The latest designer drug making the rounds in the Valley, and around the country, goes by the name of "bath salts."
Tempe police say "these aren't your grandfather's epsom salts." Rather, it's a synthetic drug with an innocent-sounding name. However, it's anything but innocent.
Tempe police and fire officials say it's an extreme stimulant. It stimulates the brain, prompting hallucinations and making the person hyper. It stimulates the body, raising the body's core temperature as much as ten degrees, up to around 108, often triggering people to take off their clothes in an attempt to cool off. Mitch Bycura, chief of medical services for the Tempe Fire Department, says a body temperature that high can be fatal.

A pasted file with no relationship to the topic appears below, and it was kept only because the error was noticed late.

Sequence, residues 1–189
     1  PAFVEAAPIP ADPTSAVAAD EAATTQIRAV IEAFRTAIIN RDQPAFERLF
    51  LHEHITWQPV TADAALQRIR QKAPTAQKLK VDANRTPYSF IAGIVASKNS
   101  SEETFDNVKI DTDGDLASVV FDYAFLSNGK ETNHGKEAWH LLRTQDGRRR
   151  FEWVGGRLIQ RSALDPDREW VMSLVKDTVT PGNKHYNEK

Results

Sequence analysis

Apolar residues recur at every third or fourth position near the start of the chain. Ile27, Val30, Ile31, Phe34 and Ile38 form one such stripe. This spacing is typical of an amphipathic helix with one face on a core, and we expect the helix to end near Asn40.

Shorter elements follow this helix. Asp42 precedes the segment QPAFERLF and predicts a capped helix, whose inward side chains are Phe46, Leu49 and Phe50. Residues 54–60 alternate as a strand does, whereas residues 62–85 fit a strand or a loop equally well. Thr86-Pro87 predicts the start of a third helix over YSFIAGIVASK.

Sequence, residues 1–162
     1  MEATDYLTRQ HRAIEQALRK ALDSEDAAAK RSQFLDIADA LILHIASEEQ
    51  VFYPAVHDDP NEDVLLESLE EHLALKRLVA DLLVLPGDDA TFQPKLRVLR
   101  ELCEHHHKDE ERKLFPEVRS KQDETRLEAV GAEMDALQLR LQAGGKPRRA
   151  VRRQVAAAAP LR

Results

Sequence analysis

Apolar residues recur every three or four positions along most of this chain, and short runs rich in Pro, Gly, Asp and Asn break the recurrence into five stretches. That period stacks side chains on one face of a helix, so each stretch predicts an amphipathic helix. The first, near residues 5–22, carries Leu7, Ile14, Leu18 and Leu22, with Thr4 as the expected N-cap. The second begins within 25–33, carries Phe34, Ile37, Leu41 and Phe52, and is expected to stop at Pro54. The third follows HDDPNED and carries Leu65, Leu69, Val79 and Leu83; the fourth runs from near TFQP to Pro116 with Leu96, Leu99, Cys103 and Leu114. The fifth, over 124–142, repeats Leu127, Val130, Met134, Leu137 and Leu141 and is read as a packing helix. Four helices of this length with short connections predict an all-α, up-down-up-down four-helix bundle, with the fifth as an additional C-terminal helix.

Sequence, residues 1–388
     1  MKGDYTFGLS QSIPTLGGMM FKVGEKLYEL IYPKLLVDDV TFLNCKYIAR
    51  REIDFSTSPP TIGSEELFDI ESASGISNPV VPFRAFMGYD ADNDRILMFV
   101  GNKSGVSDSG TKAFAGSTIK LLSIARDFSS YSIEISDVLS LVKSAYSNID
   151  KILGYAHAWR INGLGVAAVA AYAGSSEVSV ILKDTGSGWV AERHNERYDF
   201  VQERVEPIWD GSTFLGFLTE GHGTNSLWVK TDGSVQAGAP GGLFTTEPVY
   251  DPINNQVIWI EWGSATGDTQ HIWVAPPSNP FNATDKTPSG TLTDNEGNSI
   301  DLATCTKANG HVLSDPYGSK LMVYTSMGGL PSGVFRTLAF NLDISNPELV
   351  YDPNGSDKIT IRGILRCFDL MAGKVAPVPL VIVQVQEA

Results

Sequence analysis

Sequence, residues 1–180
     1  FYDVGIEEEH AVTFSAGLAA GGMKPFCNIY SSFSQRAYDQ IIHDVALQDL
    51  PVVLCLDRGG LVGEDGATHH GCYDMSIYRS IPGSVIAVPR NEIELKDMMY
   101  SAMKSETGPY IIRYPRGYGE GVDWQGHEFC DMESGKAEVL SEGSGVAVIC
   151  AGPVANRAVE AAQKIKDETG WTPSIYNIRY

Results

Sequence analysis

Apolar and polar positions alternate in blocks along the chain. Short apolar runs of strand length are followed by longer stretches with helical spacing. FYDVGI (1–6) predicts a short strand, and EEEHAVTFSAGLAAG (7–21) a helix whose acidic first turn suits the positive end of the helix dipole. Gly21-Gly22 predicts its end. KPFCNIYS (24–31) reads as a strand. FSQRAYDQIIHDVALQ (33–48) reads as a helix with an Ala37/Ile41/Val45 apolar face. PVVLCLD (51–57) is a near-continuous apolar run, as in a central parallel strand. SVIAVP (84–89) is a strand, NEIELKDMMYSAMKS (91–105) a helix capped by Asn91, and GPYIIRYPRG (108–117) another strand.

"I've been a medic for 28 years, and this is one of the most insidious drugs I've ever witnessed," he says.
Tempe police sergeant Jeff Glover says officers in his agency have had several run-ins lately with people amped up on bath salts. In one case, a man stripped off his clothes in an attempt to get cool and was running around a neighborhood, hopping fences into back yards, and then kept throwing himself against a wall, hurting himself.
In another instance, a man was stopped for driving erratically and admitted he was high on bath salts. He, too, was naked. Given the stimulated and illogical condition of the brain when it's affected by the drug, Glover says, it's very fortunate that the driver didn't cause any crashes, injuring other people.
Bath salts are sold openly in some tobacco and "head" shops. They're technically illegal, but the manufacturers get around that by constantly changing the chemical formula. As soon as a law is passed outlawing drugs containing a given chemical, shady chemists re-work the formula to change the chemical makeup so that the banned substance is no longer included.